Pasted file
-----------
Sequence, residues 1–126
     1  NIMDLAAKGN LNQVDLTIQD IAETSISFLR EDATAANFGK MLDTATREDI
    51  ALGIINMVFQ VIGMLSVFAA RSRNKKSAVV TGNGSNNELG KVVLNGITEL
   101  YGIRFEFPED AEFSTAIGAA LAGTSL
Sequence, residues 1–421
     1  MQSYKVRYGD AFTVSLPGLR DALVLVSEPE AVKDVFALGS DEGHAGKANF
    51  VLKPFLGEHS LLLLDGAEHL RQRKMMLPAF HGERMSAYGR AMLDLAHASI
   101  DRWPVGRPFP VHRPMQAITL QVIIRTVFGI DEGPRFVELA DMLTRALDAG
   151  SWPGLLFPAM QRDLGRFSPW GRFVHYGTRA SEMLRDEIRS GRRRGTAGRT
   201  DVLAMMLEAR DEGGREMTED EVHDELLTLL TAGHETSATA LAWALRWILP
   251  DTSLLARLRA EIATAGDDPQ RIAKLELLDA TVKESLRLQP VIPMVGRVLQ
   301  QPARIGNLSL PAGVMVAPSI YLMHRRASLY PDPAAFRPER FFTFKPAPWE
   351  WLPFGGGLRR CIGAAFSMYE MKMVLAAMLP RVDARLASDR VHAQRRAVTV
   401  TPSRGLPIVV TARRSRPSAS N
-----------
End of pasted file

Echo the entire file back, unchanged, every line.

Sequence, residues 1–126
     1  NIMDLAAKGN LNQVDLTIQD IAETSISFLR EDATAANFGK MLDTATREDI
    51  ALGIINMVFQ VIGMLSVFAA RSRNKKSAVV TGNGSNNELG KVVLNGITEL
   101  YGIRFEFPED AEFSTAIGAA LAGTSL
Sequence, residues 1–421
     1  MQSYKVRYGD AFTVSLPGLR DALVLVSEPE AVKDVFALGS DEGHAGKANF
    51  VLKPFLGEHS LLLLDGAEHL RQRKMMLPAF HGERMSAYGR AMLDLAHASI
   101  DRWPVGRPFP VHRPMQAITL QVIIRTVFGI DEGPRFVELA DMLTRALDAG
   151  SWPGLLFPAM QRDLGRFSPW GRFVHYGTRA SEMLRDEIRS GRRRGTAGRT
   201  DVLAMMLEAR DEGGREMTED EVHDELLTLL TAGHETSATA LAWALRWILP
   251  DTSLLARLRA EIATAGDDPQ RIAKLELLDA TVKESLRLQP VIPMVGRVLQ
   301  QPARIGNLSL PAGVMVAPSI YLMHRRASLY PDPAAFRPER FFTFKPAPWE
   351  WLPFGGGLRR CIGAAFSMYE MKMVLAAMLP RVDARLASDR VHAQRRAVTV
   401  TPSRGLPIVV TARRSRPSAS N